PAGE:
Mykhailo Podolyak, an adviser to President Volodymyr Zelenskyy, who is taking part in Tuesday’s talks via video link, said on Twitter that “the talks are continuing,” adding that “general issues related to a settlement, a cease-fire and troops withdrawal from the country’s territory” are on the table.

Earlier Tuesday, Russian Foreign Minister Sergey Lavrov said that Moscow was pressing its demands for Ukraine to drop its bid to join NATO, take a neutral status and “demilitarize.”


BERLIN — Activists from the environmental group Greenpeace have blocked access to a Russian-owned oil refinery in Germany in protest at the war in Ukraine.

Dozens of activists attached themselves to railroad tracks at the PCK refinery Schwedt, northeast of Berlin, early Tuesday to stop the transport of oil they said originates from western Siberia.

The activists carried banners reading “Peace Not Oil” — a reference to Germany’s continued import of fossil fuels from Russia despite the Russian attack on Ukraine.

The refinery is estimated to account for 90% of the gasoline consumed in Berlin and the surrounding region of Brandenburg.

PCK is majority-owned by Russian oil giant Rosneft.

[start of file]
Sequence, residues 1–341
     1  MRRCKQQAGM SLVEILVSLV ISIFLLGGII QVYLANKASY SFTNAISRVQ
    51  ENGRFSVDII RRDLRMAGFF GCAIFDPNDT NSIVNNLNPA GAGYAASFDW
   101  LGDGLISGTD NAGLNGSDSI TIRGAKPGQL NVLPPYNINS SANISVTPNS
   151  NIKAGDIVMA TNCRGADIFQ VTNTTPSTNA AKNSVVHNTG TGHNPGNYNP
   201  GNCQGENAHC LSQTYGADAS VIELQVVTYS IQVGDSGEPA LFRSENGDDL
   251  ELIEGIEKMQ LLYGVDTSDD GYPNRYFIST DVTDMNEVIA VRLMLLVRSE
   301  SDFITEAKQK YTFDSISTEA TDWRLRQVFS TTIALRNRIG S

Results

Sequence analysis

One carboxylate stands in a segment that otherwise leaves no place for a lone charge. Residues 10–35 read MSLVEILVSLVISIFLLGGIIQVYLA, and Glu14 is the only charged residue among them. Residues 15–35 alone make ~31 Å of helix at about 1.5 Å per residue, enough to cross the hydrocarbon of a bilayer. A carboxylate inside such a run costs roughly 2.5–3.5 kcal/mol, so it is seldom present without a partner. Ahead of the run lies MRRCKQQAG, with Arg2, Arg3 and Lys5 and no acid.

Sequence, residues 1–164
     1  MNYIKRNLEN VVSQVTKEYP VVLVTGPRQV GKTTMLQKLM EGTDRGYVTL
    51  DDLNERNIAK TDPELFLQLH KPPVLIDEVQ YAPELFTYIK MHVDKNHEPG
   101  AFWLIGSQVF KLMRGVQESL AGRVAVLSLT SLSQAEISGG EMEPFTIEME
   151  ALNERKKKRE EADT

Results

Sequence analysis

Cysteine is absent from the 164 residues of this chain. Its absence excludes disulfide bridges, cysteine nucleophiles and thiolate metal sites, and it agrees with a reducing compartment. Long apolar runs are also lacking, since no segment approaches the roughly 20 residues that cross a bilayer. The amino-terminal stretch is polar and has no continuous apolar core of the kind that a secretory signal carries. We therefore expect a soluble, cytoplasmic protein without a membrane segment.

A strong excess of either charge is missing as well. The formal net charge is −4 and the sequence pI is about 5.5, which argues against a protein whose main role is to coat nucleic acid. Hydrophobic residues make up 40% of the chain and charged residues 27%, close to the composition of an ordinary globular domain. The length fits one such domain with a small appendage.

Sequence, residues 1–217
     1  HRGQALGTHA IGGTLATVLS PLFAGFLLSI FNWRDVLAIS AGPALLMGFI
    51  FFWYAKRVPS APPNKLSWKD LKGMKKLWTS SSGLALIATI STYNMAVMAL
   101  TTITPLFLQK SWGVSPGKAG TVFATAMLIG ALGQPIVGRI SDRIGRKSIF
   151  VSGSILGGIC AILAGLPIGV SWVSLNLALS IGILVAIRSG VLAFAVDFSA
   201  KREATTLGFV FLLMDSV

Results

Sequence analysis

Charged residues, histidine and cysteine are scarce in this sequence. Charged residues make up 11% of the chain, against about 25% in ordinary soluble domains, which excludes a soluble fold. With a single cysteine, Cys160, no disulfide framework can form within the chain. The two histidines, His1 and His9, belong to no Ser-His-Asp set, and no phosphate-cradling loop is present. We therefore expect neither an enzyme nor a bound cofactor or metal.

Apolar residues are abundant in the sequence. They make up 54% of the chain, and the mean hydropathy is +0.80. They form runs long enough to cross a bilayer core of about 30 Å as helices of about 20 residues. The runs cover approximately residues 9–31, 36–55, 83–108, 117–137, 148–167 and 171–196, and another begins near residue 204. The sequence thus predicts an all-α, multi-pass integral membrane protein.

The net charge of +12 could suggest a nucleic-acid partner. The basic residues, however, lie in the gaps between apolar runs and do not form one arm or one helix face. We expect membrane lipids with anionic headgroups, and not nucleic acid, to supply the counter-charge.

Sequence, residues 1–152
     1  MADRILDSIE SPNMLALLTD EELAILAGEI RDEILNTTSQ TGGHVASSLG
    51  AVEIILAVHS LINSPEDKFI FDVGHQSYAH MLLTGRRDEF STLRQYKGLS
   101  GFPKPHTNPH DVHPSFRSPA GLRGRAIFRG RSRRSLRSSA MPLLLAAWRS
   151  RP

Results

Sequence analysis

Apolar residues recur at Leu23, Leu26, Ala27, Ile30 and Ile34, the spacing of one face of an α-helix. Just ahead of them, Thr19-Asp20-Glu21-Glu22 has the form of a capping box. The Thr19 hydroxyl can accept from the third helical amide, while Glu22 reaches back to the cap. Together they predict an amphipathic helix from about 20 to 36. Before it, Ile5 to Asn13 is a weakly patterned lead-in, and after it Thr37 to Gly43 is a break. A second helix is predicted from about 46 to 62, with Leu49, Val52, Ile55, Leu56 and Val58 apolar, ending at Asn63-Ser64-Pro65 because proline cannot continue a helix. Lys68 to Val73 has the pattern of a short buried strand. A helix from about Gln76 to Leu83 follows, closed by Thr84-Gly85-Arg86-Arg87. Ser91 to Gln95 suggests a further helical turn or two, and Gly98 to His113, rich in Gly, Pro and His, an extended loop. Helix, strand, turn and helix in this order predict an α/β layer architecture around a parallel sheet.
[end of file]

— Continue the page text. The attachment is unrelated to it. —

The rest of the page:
The German government has pledged to wean itself off Russian coal and oil by the end of the year.


STOCKHOLM — The Swedish government wants to reintroduce identity checks at borders because of Russia’s invasion of Ukraine, which has led to Europe’s “biggest and fastest growing refugee crisis since World War II.”

“The situation may become so serious that immediate measures need to be taken to maintain law and order and protect national security,” Infrastructure Minister Tomas Eneroth said Tuesday.

Officials have therefore supported a proposal for a new temporary law that would enable authorities to check identities when traveling by bus, train and passenger ship to Sweden.

Sweden is haunted by a 2015 migration crisis and wants to avoid another large-scale influx of migrants. The Scandinavian nation then took in a record 163,000 people — the highest per capita of any European country.


MARIUPOL, Ukraine — The city council of Mariupol says 2,000 civilian cars have managed to leave the besieged Ukrainian port city via a humanitarian corridor leading west.

The council said another 2,000 cars are in the city but waiting to leave along the route, which runs for more than 260 kilometers (160 miles) to the Ukraine-held city of Zaporizhzhia.

Kyiv mayor Vitali Klitschko said on social media the corridor would be open from 8 p.m. Tuesday to 7 a.m. Thursday.

The council advised drivers to spend the night somewhere along the route rather than drive straight through, unless they are already close to Zaporizhzhia by evening.

It was not immediately clear if the total number of cars which had left was for Tuesday only, or if it included 160 cars which left the day before. The city council said nearly 300 people had arrived in Zaporizhzhia as of Tuesday morning, fleeing the Russian invasion of Ukraine.